- Likability of host(s): Okay. Of the four co-hosts, I find Rebecca and Toby to be the least annoying, while Kevin and Lara drive me up a wall. I suspect that one’s tolerance for the individual hosts will depend on whether or not one agrees with their individual takes on Serial. Kevin and Lara tend to be Sarah Koenig boosters/apologists, and I found their unflagging support of her choices in reporting this season of Serial irritating. Toby and Rebecca tend to be more discerning and critical.
- Editing: Okay. Each episode tends to be a bit unwieldy (particularly now that the hosts do live sponsored ads), but Rebecca is a good moderator and usually keeps the discussion on track.
- Worth a listen? Maybe. If you’re a hardcore Serial fan and are looking for additional discussion/opinion, Crime Writers On might scratch that itch. I enjoy it when they discuss other true-crime media and podcasts, like MMM or The People v. OJ Simpson.
- Basic premise: The Atlanta Journal Constitution produces this podcast, which looks at one Georgia-based case per season. The podcast focuses heavily on the workings (and misfirings) of the criminal justice system, from police investigation to prosecution to sentencing. This season, Breakdown is telling the story of Justin Ross Harris, the Atlanta man who left his two-year-old in a hot car to die while he was sexting with women.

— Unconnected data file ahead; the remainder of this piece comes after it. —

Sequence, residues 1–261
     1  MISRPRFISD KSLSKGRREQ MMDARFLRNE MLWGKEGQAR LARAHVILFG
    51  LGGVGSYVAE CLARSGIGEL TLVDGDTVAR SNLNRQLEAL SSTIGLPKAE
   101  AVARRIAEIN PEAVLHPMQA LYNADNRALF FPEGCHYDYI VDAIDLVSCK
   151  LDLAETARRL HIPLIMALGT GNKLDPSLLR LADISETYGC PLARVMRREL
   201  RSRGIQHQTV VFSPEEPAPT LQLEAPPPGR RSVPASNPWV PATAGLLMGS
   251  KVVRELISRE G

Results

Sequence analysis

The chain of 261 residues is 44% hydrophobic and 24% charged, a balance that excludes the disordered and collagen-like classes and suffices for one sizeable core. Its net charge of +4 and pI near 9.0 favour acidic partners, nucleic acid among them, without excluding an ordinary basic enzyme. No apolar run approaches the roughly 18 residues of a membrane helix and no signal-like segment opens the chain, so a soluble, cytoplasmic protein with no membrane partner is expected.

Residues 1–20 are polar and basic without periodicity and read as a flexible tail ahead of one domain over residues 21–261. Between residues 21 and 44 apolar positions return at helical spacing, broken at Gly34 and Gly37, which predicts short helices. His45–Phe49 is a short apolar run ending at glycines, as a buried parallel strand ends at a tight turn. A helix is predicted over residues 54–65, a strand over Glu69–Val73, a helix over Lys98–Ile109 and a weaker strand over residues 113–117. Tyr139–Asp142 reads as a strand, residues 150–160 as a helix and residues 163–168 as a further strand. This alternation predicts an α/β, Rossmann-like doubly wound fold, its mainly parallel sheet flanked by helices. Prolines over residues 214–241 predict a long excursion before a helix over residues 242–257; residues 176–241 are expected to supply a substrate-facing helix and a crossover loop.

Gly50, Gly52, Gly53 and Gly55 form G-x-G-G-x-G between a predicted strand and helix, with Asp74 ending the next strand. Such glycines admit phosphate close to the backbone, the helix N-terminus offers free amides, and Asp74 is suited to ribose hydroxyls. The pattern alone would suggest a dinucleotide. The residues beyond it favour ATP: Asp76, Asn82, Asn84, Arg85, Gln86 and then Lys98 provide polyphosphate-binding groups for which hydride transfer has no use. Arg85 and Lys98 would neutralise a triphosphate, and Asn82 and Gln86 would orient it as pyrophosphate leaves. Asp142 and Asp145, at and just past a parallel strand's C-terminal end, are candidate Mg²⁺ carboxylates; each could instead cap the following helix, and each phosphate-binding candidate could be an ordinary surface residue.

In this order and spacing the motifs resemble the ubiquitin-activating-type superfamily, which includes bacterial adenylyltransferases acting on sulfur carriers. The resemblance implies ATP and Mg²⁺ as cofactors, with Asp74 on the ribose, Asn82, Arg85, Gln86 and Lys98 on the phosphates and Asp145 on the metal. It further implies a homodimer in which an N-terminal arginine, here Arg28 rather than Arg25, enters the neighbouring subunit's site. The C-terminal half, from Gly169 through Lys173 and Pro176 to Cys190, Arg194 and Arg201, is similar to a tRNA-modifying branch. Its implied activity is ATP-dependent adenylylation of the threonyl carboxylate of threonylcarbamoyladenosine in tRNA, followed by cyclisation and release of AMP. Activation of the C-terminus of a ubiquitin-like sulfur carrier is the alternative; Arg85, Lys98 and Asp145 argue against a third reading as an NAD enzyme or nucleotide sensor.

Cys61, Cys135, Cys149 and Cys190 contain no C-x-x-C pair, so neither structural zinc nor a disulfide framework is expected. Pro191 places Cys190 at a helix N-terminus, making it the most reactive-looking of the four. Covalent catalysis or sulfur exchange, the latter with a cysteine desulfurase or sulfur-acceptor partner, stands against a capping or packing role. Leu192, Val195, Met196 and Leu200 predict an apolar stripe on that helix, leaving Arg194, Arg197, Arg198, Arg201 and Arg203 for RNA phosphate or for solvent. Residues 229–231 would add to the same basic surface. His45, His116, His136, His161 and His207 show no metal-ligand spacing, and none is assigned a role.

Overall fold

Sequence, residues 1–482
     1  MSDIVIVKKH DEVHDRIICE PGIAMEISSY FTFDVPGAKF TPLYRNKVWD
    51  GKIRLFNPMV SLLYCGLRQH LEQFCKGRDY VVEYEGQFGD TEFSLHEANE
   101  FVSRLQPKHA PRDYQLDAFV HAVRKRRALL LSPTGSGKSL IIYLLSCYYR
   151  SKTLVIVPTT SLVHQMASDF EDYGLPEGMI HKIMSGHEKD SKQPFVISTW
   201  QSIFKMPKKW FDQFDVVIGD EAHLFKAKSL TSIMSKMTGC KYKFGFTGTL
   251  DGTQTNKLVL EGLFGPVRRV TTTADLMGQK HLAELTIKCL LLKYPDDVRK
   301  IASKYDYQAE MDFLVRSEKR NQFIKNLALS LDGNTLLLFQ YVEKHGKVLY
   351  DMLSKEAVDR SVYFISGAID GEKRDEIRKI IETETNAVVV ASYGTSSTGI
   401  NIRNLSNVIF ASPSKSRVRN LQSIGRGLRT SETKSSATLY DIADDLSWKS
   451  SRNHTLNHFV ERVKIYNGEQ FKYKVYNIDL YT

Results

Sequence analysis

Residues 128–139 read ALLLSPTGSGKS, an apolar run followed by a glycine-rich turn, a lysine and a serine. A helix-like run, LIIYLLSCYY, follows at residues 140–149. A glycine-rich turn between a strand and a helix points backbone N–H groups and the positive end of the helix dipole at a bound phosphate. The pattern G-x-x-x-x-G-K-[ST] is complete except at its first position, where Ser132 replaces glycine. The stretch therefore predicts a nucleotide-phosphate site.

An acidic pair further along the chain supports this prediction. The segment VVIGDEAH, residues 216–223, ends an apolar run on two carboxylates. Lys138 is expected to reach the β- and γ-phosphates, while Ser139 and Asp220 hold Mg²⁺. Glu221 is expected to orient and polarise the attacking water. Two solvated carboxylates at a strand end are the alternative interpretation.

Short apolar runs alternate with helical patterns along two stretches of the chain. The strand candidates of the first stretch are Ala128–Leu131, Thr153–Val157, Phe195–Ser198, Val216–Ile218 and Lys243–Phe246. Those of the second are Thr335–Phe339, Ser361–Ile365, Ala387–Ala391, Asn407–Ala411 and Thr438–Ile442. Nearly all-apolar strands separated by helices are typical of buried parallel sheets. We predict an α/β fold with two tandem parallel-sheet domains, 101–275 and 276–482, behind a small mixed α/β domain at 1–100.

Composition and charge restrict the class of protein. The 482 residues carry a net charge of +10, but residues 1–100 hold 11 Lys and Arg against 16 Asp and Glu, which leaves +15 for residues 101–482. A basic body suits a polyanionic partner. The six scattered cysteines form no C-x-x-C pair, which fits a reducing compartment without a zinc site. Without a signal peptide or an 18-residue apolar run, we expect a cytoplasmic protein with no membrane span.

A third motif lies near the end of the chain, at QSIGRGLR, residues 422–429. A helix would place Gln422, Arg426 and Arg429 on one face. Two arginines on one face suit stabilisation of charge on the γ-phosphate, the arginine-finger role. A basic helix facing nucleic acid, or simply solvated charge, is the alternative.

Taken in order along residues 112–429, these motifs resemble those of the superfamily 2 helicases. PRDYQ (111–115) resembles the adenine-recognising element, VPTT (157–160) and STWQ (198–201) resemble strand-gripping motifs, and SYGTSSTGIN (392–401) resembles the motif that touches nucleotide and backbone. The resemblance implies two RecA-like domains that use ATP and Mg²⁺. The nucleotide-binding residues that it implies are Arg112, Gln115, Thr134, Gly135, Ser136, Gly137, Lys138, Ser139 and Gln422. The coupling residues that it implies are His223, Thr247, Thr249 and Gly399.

- Quality of research: Excellent. Host Bill Rankin is meticulous in explaining details of the case and the legal procedures involved in prosecuting and defending it. I’m an attorney, so this podcast presses all of my legal-nerd buttons, and throws me back to my 1L criminal law class (which I adored).
- Likability of host(s): Good. Rankin maintains a careful, journalistic neutrality that allows him to explore both sides of the case.
- Editing: Good. Not too long, not too short, and no tedious diversions into the host’s personal feelings.
- Worth a listen? Yes. If you’re interested in the legal structures underlying the criminal justice system, it’s hard to beat Breakdown. The content this season is tough going, especially if you have a child, but the case is interesting, so if you can stomach it, it’s worth your time.
True-crime devotee and compulsive knitter Stephanie Green left a career in the law to become a writer. She blogs at StephanieEarlyGreen.com.